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From Cars to Data Centers: Driving the Internet of Things with NVMe

The incredibly fast bandwidth advantages and high queue depths of Non-Volatile Memory Express SSDs enable faster and more efficient big data analysis.
By Ulrich Hansen
Aug 17, 2018

The Internet of Things (IoT) is all about data: big data in core data centers where millions of sensor inputs are aggregated, with trends identified and actionable insights delivered, while fast data pulses through thousands of individual edge gateways to deliver microsecond processing that is acted upon in real time. IoT devices (autonomous cars, drones, robots, machines, equipment, surveillance cameras and so forth) will continue to increase the data they generate annually, as forecasts indicate.

For example, a self-driving car can generate approximately three gigabytes of data per second from a variety of sensors—if the average car is driven about 300 hours per year, a single vehicle could generate about 72 gigabytes per day and about 26 terabytes of data annually. Processing data on this scale at IoT speed requires a modern storage interface, such as NVMe.

The Non-Volatile Memory Express (NVMe) standard, an interconnect protocol used for accessing high-speed storage media, is designed to connect high-performance NAND flash memory to compute resources over native PCI Express (PCIe) links. Its streamlined memory interface, command set and queue design eliminate the legacy SCSI command stack and direct-attached storage (DAS) bottlenecks associated with traditional hard drive interfaces, resulting in a uniquely tuned input-output (I/O) architecture optimized for solid state media.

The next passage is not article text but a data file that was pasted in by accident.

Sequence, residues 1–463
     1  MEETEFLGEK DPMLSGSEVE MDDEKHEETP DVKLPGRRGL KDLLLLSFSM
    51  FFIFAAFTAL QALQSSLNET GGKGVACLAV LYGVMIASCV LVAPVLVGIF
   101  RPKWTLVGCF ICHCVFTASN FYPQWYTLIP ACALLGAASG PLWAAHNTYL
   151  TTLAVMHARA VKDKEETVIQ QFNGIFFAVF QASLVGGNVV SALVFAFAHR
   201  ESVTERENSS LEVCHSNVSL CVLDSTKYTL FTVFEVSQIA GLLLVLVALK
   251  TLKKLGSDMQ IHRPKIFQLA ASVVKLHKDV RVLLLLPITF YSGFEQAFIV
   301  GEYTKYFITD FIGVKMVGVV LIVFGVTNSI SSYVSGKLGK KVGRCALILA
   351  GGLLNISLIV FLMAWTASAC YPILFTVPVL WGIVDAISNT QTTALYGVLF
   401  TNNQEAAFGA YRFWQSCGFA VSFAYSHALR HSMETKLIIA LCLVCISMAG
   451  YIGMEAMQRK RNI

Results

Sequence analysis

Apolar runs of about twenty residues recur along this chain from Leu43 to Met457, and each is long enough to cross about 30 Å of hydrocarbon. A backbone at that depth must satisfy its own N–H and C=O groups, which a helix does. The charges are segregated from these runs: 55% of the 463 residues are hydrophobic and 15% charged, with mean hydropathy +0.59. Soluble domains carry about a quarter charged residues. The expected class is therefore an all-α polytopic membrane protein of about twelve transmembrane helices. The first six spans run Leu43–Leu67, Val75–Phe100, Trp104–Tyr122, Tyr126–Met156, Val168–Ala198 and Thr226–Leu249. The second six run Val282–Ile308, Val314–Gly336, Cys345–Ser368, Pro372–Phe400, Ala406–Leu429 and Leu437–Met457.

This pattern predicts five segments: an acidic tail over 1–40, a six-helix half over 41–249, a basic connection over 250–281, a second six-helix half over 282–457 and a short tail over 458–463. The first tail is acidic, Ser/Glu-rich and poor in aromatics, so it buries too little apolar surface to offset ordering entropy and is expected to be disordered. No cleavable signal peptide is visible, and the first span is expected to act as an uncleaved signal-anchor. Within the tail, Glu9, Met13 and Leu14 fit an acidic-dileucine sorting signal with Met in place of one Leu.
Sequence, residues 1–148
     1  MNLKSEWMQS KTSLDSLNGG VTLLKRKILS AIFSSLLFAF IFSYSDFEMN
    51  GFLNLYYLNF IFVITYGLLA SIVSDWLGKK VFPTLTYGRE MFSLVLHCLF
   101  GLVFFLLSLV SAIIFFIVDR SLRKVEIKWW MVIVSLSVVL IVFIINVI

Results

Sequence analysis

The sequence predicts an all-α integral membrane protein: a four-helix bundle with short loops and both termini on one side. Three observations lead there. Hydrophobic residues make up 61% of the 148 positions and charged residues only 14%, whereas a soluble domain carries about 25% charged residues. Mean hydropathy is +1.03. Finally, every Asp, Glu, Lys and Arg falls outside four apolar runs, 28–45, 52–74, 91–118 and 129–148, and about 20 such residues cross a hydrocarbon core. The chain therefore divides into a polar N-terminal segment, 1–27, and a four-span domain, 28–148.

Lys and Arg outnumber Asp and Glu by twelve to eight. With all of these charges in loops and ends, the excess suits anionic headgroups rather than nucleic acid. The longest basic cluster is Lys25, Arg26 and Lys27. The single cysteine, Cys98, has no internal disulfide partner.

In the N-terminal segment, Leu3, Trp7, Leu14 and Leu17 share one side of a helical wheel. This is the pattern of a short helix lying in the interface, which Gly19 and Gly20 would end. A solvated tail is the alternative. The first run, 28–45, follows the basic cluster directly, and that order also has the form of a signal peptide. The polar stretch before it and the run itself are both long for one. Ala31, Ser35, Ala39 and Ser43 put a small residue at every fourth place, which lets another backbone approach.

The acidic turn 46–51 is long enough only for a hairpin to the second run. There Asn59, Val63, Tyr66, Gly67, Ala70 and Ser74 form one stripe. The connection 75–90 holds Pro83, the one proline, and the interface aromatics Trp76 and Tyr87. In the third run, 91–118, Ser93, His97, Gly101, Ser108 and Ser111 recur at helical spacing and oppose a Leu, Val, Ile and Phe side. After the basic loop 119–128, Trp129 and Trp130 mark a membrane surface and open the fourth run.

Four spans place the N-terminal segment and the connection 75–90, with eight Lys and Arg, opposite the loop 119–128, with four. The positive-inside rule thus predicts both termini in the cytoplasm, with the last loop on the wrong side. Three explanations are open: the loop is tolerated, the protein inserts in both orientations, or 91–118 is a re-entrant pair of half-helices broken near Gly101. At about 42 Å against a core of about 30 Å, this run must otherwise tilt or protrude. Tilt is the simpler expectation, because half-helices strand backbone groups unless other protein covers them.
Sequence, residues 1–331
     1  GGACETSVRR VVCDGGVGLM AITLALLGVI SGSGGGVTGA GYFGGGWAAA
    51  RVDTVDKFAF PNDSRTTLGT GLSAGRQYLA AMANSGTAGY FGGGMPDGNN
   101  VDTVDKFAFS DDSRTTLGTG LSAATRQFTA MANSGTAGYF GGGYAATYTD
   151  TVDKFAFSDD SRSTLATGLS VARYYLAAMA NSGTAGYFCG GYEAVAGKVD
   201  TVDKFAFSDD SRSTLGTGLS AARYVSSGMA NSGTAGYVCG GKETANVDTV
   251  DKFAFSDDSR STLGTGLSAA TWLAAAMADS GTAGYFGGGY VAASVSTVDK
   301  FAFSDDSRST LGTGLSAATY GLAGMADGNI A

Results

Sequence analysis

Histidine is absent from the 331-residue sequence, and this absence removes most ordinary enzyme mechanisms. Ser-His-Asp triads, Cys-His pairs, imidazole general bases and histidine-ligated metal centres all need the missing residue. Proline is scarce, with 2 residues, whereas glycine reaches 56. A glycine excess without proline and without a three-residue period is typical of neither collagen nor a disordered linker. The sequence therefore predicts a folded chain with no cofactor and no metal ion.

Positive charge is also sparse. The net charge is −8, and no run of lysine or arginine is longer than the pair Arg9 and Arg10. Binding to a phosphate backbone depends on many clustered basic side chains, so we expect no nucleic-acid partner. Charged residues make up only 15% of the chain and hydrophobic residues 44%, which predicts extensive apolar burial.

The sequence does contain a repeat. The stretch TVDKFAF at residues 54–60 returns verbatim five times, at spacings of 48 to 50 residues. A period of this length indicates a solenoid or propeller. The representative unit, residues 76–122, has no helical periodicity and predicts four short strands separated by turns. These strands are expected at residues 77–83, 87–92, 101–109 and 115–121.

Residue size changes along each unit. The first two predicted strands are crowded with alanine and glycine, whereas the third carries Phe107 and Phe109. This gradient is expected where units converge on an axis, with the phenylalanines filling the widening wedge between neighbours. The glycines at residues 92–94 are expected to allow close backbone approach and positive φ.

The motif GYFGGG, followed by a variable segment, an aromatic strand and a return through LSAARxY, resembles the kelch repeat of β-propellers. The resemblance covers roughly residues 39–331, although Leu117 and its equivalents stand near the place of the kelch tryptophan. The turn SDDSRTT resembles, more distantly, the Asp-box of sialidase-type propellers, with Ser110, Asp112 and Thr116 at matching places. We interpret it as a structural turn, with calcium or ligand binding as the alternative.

NVMe connects directly to the CPU via a PCIe bus, minimizing the storage driver stack to deliver significantly faster performance than traditional interfaces. As such, it is well suited for aggregating diverse data sources from IoT workloads, including from thousands of sensors streaming data at a rate of thousands of times per second. The advanced performance of NVMe makes it essential for aggregating diverse IoT data streams into databases, while providing enough bandwidth and IOPS to also perform analytics.

The new generation of NVMe-compliant SSDs are enabling more responsive applications while reducing the number of overall storage devices required, as well as associated physical footprints. As a result, NVMe SSDs are accelerating business opportunities in all areas of the data center and at the edge.

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